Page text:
Edward Snowden, the former U.S. intelligence contractor wanted for revealing the National Security Agency's secret program to collect American phone and internet records, left a Moscow airport Thursday after weeks waiting for his asylum request to be granted, his lawyer told Russian media outlets.
Attorney Anatoly Kucherena appeared on Russian television and said Snowden had been granted asylum in Russia for one year, showing a scanned copy of an official document to media. Snowden was in a safe place, according to Kucherena, who said he would not reveal the location for security reasons.
Snowden left Moscow's Sheremetyevo airport at around 7:30 a.m. Eastern according to the lawyer, who said he had personally handed him the necessary documents on Thursday morning. Snowden had been stuck in the airport's transit zone since arriving from Hong Kong on June 23.
CBS News Moscow bureau chief Svetlana Berdnikova said Snowden left the airport in a taxi, avoiding the media on his way out. Kucherena said Wednesday he was going to help the NSA leaker's father, Lon Snowden, get a visa to travel to Russia and see his son.
In separate interviews broadcast on Wednesday, Lon Snowden praised Russian leader Vladimir Putin for protecting his son, who has been labeled a traitor by many politicians in the United States for revealing the top-secret data-monitoring program. The elder Snowden said he hoped to visit Russia to see his son.
President Obama and other American officials have urged Russia to hand Snowden over, but there is no formal extradition treaty between the two nations. Putin had essentially punted the issue, saying Snowden was a free man who came to Russia without warning and suggesting his immigration status would be decided by the Federal Migration Service (FMS) based on his asylum request.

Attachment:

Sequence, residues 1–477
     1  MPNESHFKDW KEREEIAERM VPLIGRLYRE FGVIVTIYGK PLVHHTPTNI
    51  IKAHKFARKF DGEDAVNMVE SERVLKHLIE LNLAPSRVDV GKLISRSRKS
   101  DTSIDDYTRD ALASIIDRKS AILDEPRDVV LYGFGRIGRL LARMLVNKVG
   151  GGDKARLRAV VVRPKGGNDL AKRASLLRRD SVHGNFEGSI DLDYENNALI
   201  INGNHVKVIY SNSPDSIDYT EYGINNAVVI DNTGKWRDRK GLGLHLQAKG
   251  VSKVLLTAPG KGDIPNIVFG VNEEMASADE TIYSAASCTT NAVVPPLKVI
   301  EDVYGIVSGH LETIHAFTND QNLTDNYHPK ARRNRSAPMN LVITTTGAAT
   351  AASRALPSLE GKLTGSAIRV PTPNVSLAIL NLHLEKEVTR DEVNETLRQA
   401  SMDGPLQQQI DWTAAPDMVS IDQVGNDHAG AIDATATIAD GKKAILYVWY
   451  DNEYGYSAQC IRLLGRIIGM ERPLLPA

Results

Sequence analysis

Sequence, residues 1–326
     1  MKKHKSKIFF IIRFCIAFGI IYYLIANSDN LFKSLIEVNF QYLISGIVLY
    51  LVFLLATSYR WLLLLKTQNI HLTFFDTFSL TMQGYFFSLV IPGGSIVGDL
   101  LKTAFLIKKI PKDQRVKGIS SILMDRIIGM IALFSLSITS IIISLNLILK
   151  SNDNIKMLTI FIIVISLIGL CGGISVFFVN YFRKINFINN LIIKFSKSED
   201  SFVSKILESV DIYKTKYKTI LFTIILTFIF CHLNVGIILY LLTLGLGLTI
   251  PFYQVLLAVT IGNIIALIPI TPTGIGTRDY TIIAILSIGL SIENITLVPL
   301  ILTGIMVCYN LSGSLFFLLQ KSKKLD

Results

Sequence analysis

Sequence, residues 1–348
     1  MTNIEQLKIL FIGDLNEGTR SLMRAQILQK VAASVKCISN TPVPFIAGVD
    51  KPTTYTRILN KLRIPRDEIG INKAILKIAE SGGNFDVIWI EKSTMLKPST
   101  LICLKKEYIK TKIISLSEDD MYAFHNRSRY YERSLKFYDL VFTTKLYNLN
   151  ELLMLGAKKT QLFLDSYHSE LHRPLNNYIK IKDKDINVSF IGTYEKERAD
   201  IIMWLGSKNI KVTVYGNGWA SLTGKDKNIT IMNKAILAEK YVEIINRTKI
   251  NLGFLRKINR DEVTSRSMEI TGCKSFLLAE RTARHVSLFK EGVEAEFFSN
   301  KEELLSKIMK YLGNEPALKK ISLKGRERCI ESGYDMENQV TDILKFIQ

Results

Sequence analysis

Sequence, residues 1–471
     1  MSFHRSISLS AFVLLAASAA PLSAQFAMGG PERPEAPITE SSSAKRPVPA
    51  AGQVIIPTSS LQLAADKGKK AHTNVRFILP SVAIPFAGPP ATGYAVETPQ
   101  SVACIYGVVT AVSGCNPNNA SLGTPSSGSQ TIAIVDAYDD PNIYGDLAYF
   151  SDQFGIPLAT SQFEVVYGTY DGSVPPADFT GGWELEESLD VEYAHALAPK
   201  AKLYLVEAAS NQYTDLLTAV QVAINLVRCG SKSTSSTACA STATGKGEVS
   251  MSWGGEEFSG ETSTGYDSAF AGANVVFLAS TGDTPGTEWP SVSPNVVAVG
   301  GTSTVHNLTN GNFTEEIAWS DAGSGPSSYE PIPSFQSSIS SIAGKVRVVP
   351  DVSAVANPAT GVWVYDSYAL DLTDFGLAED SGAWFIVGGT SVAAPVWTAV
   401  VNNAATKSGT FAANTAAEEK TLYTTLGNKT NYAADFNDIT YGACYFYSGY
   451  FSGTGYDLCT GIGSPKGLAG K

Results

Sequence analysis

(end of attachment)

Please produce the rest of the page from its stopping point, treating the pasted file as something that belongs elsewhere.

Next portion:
According to Russian immigration law, with asylum now granted, Snowden has the same rights as any other citizen of the Russian Federation. It has been widely reported by Russian media that the documentation from the FMS would allow Snowden to move freely within the country's borders, but it remained unclear Thursday whether the papers could serve as travel documents. The U.S. government has cancelled Snowden's passport.
Secret-spilling website WikiLeaks, which has rallied to Snowden's support and provided legal assistance to him for weeks, said in a volley of tweets on Thursday that he left the airport "in the care of" the organization's representative, Sarah Harrison.
"Snowden's welfare has been continuously monitored by WikiLeaks staff since his presence in Hong Kong," the group said in another tweet.
Prior to Russia' decision to grant Snowden asylum, three Latin American nations said he would also be protected within their borders -- if he could get there. Venezuela, Nicaragua and Bolivia all extended offers of asylum, but without travel documents it was never clear how he might actually reach their soil.
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